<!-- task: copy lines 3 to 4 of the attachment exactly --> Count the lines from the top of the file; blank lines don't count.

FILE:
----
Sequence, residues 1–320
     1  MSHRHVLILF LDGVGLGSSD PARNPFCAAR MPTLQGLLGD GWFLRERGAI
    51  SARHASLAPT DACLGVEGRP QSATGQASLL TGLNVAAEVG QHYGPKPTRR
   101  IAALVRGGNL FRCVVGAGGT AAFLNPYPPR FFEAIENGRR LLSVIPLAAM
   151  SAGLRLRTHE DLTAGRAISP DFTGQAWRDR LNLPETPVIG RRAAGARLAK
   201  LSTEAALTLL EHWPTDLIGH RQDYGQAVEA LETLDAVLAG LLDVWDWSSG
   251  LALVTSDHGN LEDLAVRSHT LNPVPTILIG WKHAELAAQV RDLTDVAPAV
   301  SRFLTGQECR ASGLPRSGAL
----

    51  SARHASLAPT DACLGVEGRP QSATGQASLL TGLNVAAEVG QHYGPKPTRR
   101  IAALVRGGNL FRCVVGAGGT AAFLNPYPPR FFEAIENGRR LLSVIPLAAM